Finally, it seems that in these instances the words are doing more damage than good. I know if I read the story of a “monster prowling the streets” I would be terrified to take out my trash. Similarly, if I read about how the British came to Australia to help the savages I may be viewed as naïve and ignorant in the ways to the world. Yet how can I help but believe some of these stories- they are rather compelling right? In all it is rather intimidating to think about the grip words and language has over us, and it all comes from some dairy farmer naming milk milk.

I leave you with this video, at first you think the mother and daughter are having a typical fight over cell phones- listen closely to the words though and you will be surprised!

Lost Part of Me and I Feel So Alone

May 11, 2010

First of all, so sorry for the late post. Upon returning from a weekend away I came home to find that when I turned on my MacBook Pro that the screen just remained black. Obviously this led to much panic, a hasty rush to the apple store, etc. Upon arrival there the happy news that my data was not lost, was quickly overshadowed by the fact that they need it for about two weeks. As anyone else that has been in this situation can attest, it feels as if I am missing a very important part of me (I am still going through shock/ withdrawals, not knowing what to do with myself without my computer). Going back many weeks- I suppose this is one more example of how my media and technology controls me.

Anyways onto this weeks readings, as I type on this foreign computer I cannot help but think about the Haddon article, “Research Questions for the Evolving Communications Landscape” and the ways in which media and technology affect our communication. Haddon points out that when the internet emerged there were concerns that those who dedicated their time to things online were being anti-social. However, these people had simply found a different way to be social that no longer involved face-to-face contact. Now as I sit here without my own computer, I am the one feeling anti-social. Common sense would tell you that me not having a computer would force me increase my face-to-face communication with those around me but that is not so much the case. As communicating via the internet has become so common place, it feels  less comfortable to call a friend or even walk down the street to visit. We now use our media as forms of personal communication that was once only achieved via actually speaking out loud. Without my computer I feel as though I have lost a part of me, and I feel so alone without it.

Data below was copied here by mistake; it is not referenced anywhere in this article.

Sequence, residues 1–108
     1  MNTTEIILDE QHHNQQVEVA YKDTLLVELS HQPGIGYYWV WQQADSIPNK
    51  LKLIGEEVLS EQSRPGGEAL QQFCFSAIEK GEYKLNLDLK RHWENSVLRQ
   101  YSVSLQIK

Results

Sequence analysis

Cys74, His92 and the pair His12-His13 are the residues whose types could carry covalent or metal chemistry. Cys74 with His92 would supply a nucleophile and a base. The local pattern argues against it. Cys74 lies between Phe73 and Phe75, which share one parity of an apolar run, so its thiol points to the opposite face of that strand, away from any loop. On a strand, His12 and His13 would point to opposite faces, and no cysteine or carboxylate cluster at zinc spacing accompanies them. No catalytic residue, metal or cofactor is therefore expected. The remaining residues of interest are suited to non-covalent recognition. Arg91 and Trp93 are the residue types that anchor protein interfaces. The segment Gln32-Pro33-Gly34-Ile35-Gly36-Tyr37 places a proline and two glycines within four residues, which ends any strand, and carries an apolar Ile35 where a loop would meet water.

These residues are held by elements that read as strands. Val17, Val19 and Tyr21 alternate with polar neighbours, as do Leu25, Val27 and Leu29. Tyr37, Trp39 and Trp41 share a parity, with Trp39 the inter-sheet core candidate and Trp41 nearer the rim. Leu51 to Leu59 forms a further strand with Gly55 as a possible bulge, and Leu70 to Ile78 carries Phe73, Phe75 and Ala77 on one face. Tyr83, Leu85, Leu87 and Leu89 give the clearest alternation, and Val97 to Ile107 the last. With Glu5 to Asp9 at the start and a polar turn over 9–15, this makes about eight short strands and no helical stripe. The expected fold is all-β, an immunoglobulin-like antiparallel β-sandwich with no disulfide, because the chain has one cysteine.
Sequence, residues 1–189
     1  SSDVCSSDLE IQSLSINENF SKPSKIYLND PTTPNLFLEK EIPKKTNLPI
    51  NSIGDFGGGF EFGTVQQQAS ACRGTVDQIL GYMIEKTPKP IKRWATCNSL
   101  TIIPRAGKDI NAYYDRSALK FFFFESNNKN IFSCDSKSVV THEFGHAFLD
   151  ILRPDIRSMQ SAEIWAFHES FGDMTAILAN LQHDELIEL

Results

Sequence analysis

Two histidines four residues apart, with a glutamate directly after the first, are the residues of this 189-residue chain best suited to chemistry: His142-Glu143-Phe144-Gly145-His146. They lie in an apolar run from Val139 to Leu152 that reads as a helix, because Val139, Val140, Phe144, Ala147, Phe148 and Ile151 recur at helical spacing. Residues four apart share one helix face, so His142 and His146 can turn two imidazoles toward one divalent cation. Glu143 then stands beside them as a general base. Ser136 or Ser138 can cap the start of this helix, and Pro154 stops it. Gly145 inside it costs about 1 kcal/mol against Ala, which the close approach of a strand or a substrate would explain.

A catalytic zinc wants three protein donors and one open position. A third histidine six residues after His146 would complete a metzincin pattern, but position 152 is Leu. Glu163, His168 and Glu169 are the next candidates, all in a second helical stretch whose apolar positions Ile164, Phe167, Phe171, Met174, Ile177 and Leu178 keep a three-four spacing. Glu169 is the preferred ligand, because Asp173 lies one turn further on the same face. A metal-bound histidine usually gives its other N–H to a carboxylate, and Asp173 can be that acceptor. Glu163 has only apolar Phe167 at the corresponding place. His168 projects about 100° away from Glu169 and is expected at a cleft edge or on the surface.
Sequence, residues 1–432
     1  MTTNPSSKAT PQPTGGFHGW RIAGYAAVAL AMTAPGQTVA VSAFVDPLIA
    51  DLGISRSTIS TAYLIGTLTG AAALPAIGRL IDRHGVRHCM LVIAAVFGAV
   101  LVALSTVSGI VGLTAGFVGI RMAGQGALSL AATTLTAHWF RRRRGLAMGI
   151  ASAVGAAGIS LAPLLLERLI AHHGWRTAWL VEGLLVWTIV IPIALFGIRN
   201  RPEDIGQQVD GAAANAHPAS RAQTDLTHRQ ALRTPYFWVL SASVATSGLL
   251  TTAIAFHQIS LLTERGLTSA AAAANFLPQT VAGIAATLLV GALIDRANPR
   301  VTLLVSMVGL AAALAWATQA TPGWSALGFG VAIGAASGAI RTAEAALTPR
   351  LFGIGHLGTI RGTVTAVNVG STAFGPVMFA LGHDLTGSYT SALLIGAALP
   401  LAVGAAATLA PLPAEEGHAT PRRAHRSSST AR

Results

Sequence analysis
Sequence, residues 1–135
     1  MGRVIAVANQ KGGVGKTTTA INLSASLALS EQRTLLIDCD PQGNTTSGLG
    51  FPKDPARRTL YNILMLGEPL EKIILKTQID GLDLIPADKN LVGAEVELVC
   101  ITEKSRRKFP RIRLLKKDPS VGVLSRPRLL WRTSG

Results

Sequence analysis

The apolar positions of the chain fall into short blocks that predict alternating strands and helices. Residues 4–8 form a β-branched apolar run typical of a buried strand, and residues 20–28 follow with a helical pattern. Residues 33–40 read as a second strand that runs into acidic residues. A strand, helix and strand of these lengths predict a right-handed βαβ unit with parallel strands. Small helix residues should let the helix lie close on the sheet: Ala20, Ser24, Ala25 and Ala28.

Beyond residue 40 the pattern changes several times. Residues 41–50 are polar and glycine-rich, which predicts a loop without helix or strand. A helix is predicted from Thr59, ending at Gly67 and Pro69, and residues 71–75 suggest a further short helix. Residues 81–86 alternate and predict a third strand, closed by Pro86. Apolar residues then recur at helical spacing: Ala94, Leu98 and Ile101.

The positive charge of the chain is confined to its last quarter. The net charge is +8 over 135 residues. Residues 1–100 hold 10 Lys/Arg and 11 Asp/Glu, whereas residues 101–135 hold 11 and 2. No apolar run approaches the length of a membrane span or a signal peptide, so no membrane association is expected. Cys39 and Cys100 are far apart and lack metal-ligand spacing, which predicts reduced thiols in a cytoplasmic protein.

In the article Haddon discusses how technology has changed the way in which we may communicate, updating our techniques, but the messages are generally the same. I wish to add something to this- much of the time our communication is rather personal, we do not like to share what we say with one individual with others, and therefore we create ways of keeping this communication secretive. For example, as I use my roommates computer I have not logged into ichat which I would normally do on my own. Although there would not be a way for her to read the conversations once I log out it still seems rather personal and therefore something that should be reserved for my own laptop. Similarly, we hardly share phones with one another except in emergency or dire situations (whereas in the past family lines were the norm). Therefore it appears as though with the emergence of more personalized individual technologies comes more secrecy and privacy.

This shift in communication, as Haddon points out, is not making us any more anti-social, simply we are communicating in new ways that are not necessarily traditional face-to-face methods. The textual examples of internet gamers or hanging out online in chat rooms are perfect examples of this. Although I may go hours without talking to someone out loud, it is very unlikely I will not have been socializing via texts, email, chats etc.  Haddon points out that social constraints and factors affect how we chose to communicate, with whom and where, largely impacting the secrecy or privacy of this communication, yet having little effect on the amount of communication overall.

One final comment/ critic on the Haddon reading, although I agree there are many good points made about the repertoires of communication practices as Stuie pointed out, I was a little frustrated at times with the fact that the reading felt slightly out of date and out of touch with our society. The quote regarding emails being an unreliable method of reaching someone on short notice was especially odd to me. In this day in age just about anyone who would be setting up last-minute meetings (especially business people and students) have nearly constant internet access. Although I cannot speak for everyone, it seems as though most people are constantly connected via cell phones, laptops, wifi networks, and the various other ways to access email. Perhaps it is time for Haddon to take a look at her communication channels and analyze how they may need to be upgraded with the changing times.